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10/20/2010
04:48 PM
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What Adobe's New PDF Sandbox Really Means For Attackers

Adobe Reader X's 'Protected Mode' will make PDF attacks tougher to execute, but it can't stop every threat

It has been a busy year for Adobe security, issuing multiple patches for zero-day flaws and attacks aimed at its software as attacks on its pervasive Reader application have exploded. Now comes the official announcement of its expected Protected Mode sandboxing feature in the new Adobe Reader Version X.

Sandboxing basically quarantines any operations to a confined, restricted space so that if a PDF were infected with malware, the malicious code couldn't spread outside that file and into the system itself or to other files. The new feature is part of Adobe's security strategy of hardening its code against attacks, says Brad Arkin, senior director of product security and privacy for Adobe.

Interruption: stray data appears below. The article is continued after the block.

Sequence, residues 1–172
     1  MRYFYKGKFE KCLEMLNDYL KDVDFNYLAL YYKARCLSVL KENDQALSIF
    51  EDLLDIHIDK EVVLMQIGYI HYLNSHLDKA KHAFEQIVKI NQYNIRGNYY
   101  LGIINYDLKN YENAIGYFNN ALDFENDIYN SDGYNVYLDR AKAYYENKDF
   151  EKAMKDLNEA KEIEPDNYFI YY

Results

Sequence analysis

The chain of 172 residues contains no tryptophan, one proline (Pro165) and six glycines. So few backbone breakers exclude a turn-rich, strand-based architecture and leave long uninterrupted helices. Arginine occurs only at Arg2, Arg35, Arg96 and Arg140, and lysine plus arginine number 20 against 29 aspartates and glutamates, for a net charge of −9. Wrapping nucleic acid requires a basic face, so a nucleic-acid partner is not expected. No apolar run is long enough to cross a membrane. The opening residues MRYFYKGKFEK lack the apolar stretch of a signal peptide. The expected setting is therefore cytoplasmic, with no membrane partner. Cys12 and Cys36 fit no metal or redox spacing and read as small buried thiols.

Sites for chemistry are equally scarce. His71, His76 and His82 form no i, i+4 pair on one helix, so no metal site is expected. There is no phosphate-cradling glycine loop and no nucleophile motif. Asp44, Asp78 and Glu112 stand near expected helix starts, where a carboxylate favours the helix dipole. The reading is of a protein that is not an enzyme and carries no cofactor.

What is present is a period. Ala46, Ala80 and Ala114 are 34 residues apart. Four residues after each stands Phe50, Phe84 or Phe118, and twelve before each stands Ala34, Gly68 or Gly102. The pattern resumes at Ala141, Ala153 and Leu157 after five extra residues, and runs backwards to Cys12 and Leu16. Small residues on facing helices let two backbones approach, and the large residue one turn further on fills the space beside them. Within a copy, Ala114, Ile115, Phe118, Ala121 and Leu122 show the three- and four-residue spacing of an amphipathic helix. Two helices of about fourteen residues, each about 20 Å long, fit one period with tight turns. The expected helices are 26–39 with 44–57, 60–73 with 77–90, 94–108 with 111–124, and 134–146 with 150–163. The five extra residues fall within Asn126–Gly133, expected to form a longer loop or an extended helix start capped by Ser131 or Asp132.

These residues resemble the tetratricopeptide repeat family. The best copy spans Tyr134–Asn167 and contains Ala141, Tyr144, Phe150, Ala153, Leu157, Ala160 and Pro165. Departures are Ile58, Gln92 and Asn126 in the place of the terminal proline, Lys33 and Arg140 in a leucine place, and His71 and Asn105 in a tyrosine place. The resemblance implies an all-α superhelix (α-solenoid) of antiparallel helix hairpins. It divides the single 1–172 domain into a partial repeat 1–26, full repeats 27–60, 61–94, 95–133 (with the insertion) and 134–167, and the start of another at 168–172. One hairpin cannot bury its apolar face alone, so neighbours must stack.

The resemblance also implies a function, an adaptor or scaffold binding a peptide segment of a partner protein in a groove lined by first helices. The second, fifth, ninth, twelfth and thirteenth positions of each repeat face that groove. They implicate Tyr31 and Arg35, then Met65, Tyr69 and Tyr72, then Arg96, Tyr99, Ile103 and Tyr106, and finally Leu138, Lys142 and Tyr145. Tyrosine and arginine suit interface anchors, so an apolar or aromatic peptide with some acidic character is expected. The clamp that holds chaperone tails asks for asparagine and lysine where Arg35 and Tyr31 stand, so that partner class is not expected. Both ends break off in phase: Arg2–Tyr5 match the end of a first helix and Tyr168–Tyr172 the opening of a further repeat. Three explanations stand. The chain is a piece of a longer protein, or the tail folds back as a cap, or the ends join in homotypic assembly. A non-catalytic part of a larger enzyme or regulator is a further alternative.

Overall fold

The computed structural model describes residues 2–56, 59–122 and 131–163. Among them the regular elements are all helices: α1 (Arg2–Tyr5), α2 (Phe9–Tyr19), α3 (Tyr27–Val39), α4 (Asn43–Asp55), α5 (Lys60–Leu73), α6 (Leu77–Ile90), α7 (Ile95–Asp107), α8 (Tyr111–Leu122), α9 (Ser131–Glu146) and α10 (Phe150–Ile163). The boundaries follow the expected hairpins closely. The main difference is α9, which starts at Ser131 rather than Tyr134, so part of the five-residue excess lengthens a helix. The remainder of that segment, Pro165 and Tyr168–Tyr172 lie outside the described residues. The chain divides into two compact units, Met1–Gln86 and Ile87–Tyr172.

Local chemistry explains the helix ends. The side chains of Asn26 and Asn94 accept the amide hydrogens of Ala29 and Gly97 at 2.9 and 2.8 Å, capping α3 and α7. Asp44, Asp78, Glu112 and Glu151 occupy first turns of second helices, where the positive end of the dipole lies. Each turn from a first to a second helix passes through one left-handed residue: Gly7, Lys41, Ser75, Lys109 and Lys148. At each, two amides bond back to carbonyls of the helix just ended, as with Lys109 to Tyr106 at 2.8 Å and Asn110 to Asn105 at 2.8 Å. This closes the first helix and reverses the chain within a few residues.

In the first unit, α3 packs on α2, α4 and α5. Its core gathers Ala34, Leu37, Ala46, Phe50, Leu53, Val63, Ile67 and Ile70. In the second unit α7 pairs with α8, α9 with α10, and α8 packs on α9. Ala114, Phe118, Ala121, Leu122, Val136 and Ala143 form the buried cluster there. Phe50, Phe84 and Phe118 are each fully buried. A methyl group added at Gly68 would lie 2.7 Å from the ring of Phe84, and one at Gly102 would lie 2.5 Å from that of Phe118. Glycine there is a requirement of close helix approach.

Poisoned PDFs are one of the most popular vehicles for carrying malicious code, and security experts applauded Adobe for the new Protected Mode feature. Adobe has been systematically beefing up its security posture during the past year, starting with its automatic updater feature for Reader and Acrobat and a regular patching schedule. The company first announced the sandboxing approach this summer.

"This is an approach I agree with," says security researcher Dino Dai Zovi, of the new sandboxing feature, which will be available next month. "It will provide them more protection and faster than being able to release patches for all of the vulnerabilities they will find."